Positron emission tomography (PET) is an essential technique in many clinical applications such as tumor detection and brain disorder diagnosis. In order to obtain high-quality PET images, a standard-dose radioactive tracer is needed, which inevitably causes the risk of radiation exposure damage. For reducing the patient’s exposure to radiation and maintaining the high quality of PET images, in this paper, we propose a deep learning architecture to estimate the high-quality standard-dose PET (SPET) image from the combination of the low-quality low-dose PET (LPET) image and the accompanying T1-weighted acquisition from magnetic resonance imaging (MRI). Specifically, we adapt the convolutional neural network (CNN) to account for the two channel inputs of LPET and T1, and directly learn the end-to-end mapping between the inputs and the SPET output. Then, we integrate multiple CNN modules following the auto-context strategy, such that the tentatively estimated SPET of an early CNN can be iteratively refined by subsequent CNNs. Validations on real human brain PET/MRI data show that our proposed method can provide competitive estimation quality of the PET images, compared to the state-of-the-art methods. Meanwhile, our method is highly efficient to test on a new subject, e.g., spending ~2 seconds for estimating an entire SPET image in contrast to ~16 minutes by the state-of-the-art method. The results above demonstrate the potential of our method in real clinical applications.
Brain functional network analysis has shown great potential in understanding brain functions and also in identifying biomarkers for brain diseases, such as Alzheimer's disease (AD) and its early stage, mild cognitive impairment (MCI). In these applications, accurate construction of biologically meaningful brain network is critical. Sparse learning has been widely used for brain network construction; however, its l1-norm penalty simply penalizes each edge of a brain network equally, without considering the original connectivity strength which is one of the most important inherent linkwise characters. Besides, based on the similarity of the linkwise connectivity, brain network shows prominent group structure (i.e., a set of edges sharing similar attributes). In this article, we propose a novel brain functional network modeling framework with a “connectivity strength-weighted sparse group constraint.” In particular, the network modeling can be optimized by considering both raw connectivity strength and its group structure, without losing the merit of sparsity. Our proposed method is applied to MCI classification, a challenging task for early AD diagnosis. Experimental results based on the resting-state functional MRI, from 50 MCI patients and 49 healthy controls, show that our proposed method is more effective (i.e., achieving a significantly higher classification accuracy, 84.8%) than other competing methods (e.g., sparse representation, accuracy = 65.6%). Post hoc inspection of the informative features further shows more biologically meaningful brain functional connectivities obtained by our proposed method.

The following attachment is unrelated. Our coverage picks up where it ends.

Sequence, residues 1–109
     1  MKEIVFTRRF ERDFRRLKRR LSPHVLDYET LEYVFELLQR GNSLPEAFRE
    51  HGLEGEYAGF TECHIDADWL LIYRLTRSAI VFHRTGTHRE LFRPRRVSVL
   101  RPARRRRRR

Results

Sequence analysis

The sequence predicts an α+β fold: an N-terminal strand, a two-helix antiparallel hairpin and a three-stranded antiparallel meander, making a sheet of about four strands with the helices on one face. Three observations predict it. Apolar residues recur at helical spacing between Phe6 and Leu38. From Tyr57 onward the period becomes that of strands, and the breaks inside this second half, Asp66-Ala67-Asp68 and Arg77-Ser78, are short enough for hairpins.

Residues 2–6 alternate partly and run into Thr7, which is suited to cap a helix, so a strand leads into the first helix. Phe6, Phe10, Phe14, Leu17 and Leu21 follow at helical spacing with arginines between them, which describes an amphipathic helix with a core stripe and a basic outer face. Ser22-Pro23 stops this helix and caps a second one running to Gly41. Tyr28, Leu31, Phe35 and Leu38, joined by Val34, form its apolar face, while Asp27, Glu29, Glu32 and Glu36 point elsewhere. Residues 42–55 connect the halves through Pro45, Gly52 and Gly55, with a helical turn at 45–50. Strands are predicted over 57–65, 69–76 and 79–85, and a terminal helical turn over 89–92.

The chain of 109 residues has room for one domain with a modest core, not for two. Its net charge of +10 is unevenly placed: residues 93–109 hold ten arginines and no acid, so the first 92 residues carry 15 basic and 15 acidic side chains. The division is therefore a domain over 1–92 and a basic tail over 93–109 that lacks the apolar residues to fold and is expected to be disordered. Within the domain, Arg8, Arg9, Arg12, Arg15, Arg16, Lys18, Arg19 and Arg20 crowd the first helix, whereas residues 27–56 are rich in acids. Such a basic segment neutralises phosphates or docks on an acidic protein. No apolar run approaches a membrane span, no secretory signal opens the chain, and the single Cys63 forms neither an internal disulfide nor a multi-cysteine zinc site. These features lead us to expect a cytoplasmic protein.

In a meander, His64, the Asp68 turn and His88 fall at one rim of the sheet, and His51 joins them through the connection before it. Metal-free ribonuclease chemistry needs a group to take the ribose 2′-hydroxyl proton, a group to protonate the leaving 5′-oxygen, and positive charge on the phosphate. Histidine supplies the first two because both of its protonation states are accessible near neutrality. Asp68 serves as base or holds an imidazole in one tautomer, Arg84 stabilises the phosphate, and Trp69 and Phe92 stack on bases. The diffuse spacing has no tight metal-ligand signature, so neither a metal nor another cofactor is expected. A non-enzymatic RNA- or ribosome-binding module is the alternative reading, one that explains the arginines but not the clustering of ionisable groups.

Parkinson’s disease (PD) is an overwhelming neurodegenerative disorder caused by deterioration of a neurotransmitter, known as dopamine. Lack of this chemical messenger impairs several brain regions and yields various motor and non-motor symptoms. Incidence of PD is predicted to double in the next two decades, which urges more research to focus on its early diagnosis and treatment. In this paper, we propose an approach to diagnose PD using magnetic resonance imaging (MRI) data. Specifically, we first introduce a joint feature-sample selection (JFSS) method for selecting an optimal subset of samples and features, to learn a reliable diagnosis model. The proposed JFSS model effectively discards poor samples and irrelevant features. As a result, the selected features play an important role in PD characterization, which will help identify the most relevant and critical imaging biomarkers for PD. Then, a robust classification framework is proposed to simultaneously de-noise the selected subset of features and samples, and learn a classification model. Our model can also de-noise testing samples based on the cleaned training data. Unlike many previous works that perform de-noising in an unsupervised manner, we perform supervised de-noising for both training and testing data, thus boosting the diagnostic accuracy. Experimental results on both synthetic and publicly available PD datasets show promising results. To evaluate the proposed method, we use the popular Parkinson’s progression markers initiative (PPMI) database. Our results indicate that the proposed method can differentiate between PD and normal control (NC), and outperforms the competing methods by a relatively large margin. It is noteworthy to mention that our proposed framework can also be used for diagnosis of other brain disorders. To show this, we have also conducted experiments on the widely-used ADNI database. The obtained results indicate that our proposed method can identify the imaging biomarkers and diagnose the disease with favorable accuracies compared to the baseline methods.
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